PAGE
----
SG  =        1.456g         X  1 (water)
               1.456g – 1.095g
            =   1.456g 
        SG = 4.033


    The heavy liquid method involves immersing the stone in liquids of different know SG and observing if the stone sinks, floats or sits in between the surface and the bottom f the container. If the stone has a higher SG  it will sink, if it has the same SG as the liquid it will hang somewhere in the middle and if it has a lower SG than the liquid it will float to the surface.

    The heavy liquid method uses the following liquids:

    • Bromoform and monobromonaphthalene; toluol- quartz (SG 2.65)
    • Pure Bromoform (SG 2.88)
    • Pure Methylene iodide (SG 3.32)
    • Dilute clerici solution spinel (SG 3.60)
    • Dilute clerici solution corundum (SG 4.00)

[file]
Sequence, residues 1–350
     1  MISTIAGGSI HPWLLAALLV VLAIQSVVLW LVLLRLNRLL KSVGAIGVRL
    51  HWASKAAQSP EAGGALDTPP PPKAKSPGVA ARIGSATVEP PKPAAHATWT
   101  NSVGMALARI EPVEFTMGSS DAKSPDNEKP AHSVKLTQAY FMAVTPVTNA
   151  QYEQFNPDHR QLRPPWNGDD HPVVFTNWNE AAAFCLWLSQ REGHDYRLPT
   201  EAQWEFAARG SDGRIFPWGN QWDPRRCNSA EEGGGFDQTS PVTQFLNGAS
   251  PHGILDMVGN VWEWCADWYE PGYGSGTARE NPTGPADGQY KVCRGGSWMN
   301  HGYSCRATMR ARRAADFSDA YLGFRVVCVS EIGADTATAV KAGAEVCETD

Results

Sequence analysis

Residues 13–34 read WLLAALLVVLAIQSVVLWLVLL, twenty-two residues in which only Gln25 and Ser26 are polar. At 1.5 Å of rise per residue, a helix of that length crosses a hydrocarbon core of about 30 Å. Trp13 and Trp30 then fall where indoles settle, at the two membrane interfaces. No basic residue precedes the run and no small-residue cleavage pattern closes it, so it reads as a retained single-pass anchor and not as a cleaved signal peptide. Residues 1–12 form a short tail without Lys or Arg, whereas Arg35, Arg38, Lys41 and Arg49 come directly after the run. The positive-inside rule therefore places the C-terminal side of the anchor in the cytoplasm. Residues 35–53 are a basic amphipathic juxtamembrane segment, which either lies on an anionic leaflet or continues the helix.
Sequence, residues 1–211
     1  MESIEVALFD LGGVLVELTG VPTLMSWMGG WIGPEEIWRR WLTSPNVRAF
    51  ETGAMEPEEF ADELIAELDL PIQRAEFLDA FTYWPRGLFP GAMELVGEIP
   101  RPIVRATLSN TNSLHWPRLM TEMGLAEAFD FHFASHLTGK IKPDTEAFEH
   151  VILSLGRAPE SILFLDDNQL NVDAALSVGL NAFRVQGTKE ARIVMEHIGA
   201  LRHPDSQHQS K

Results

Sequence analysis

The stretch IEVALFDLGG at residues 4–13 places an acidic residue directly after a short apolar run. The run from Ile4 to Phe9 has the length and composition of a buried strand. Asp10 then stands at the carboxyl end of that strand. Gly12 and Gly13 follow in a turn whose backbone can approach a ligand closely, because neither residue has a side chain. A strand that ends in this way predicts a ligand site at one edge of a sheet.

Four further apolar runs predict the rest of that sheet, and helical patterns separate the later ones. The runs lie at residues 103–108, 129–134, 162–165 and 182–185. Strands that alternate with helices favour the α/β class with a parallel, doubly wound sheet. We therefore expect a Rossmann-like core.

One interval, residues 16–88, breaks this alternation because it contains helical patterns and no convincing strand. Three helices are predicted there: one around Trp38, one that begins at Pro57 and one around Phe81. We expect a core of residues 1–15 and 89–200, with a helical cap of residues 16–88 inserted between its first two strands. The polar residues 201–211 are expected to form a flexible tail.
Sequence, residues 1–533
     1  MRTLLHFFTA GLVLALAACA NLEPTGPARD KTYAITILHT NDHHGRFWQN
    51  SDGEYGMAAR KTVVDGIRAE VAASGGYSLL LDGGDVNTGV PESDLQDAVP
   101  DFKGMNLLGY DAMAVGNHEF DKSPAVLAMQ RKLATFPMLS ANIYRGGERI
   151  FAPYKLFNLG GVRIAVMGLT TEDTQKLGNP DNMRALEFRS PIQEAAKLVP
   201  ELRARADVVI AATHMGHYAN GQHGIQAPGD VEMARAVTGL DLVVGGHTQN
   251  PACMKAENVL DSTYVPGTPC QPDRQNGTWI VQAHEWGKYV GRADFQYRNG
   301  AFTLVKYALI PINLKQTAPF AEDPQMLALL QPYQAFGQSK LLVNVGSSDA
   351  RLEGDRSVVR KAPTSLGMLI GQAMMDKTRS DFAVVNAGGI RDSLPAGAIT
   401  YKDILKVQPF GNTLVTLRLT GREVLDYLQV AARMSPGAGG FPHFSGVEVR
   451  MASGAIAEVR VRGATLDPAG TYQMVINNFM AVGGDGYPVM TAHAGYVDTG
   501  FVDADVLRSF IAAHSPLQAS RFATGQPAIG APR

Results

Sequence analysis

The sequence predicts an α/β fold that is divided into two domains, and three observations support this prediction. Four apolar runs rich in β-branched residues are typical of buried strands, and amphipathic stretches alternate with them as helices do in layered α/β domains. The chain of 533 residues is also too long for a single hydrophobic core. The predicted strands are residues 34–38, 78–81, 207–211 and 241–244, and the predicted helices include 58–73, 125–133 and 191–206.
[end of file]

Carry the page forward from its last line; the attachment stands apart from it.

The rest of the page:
Gemstones with the same or similar SG’s to the heavy liquids above are:

    • Bromoform and monobromonaphthalene: quartz
    • Pure Bromoform: beryl, tourmaline.
    • Pure Methylene iodide: peridot, jadeite.
    • Dilute clerici solution spinel: diamond, topaz, spinel.
    • Dilute clerici solution corundum: ruby, sapphire.


    There are certain disadvantages and safety precautions which should be taken into account when using heavy liquids:

    • Bromoform and methylene iodide need to be kept out of direct light to prevent discolouration.
    • All should be regarded as poisonous.
    • All should be regarded as corrosive.
    • All must be cleaned off any surface immediately.